There is a lot to be done. As opposed to grandstanding and indulging in rhetoric all of the time, an awful lot more can be done on putting flesh on the bones of the Good Friday Agreement, making it work and enabling it to work. In some respects, the North-South bodies have not been given the support and momentum they deserve. They did great work in the early phase of the Good Friday Agreement. Waterways Ireland, Tourism Ireland and InterTradeIreland all do effective work, but they need new momentum and an injection of support from all sides. The Irish Government will not be found wanting in that respect.
Likewise, in terms of health we need to intensify cross-Border co-operation, particularly in paediatric, cancer and oncology services, to a far greater degree than has been done to date. The community application of information technology, CAIT, initiative is one of the first and original initiatives on a cross-Border basis on health that has been added to in the utilisation of Altnagelvin hospital's oncology services and tertiary services for paediatrics. There are two fundamentally differently structured health services, however. In the North, it is essentially the National Health Service as experienced through the UK's historic model, although it is subject to a lot of pressure right now.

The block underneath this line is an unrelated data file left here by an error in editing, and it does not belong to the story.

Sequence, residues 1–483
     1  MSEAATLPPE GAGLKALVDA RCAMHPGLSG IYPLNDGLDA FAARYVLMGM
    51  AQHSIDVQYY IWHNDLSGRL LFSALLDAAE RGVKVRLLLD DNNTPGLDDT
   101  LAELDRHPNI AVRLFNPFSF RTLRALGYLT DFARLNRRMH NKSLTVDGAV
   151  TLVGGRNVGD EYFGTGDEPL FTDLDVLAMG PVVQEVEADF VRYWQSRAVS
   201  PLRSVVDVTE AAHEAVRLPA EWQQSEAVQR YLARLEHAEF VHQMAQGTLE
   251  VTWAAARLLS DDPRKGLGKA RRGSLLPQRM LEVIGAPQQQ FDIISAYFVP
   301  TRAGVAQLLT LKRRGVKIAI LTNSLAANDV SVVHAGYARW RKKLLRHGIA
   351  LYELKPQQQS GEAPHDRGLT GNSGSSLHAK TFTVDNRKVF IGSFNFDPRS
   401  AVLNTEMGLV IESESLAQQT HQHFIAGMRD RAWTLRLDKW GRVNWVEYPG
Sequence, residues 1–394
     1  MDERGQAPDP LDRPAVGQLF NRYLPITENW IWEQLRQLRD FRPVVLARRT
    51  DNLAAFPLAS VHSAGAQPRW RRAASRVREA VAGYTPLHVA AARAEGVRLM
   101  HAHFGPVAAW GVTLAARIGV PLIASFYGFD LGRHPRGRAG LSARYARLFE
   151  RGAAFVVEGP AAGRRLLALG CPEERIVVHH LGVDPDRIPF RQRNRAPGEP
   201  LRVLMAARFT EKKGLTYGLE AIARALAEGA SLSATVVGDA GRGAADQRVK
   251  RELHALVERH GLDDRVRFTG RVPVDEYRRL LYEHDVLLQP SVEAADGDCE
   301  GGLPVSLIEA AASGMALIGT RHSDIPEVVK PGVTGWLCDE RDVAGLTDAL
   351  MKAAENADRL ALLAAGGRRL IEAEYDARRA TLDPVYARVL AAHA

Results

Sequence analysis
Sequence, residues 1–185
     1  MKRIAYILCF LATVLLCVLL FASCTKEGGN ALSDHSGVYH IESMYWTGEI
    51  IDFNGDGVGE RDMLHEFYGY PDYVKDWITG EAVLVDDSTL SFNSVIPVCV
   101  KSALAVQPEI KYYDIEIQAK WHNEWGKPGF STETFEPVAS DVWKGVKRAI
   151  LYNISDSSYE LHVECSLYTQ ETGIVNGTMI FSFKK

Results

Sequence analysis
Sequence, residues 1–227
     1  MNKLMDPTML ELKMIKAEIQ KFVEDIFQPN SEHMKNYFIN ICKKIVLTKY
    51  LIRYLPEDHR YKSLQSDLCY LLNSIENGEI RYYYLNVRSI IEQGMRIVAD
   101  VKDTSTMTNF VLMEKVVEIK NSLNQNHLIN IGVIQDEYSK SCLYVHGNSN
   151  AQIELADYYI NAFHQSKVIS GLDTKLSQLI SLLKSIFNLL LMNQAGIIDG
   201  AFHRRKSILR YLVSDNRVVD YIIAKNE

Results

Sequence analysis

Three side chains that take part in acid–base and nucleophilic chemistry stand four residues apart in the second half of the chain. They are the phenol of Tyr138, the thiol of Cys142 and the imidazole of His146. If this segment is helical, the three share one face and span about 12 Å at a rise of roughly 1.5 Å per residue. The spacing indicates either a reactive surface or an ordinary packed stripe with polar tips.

Our model evolved differently because we did not have the same social insurance provisions in post-war Ireland as developed in post-war Britain. In essence, that allowed for an initial voluntary hospital system to emerge from the beginning of the last century, which was religiously driven by various denominations, and then the State hospitals were introduced with the Health Act 1970. This involved the expansion of health board hospitals and then State hospitals at St. James's and Beaumont.
There was a very mixed evolutionary system in the Republic and that needs much reorganisation. It is a big question in terms of the alignment of that with the structures in the health service in Northern Ireland. With the shared island unit the idea is that we would commission substantive research to inform our perspectives. That would be my approach in the first instance.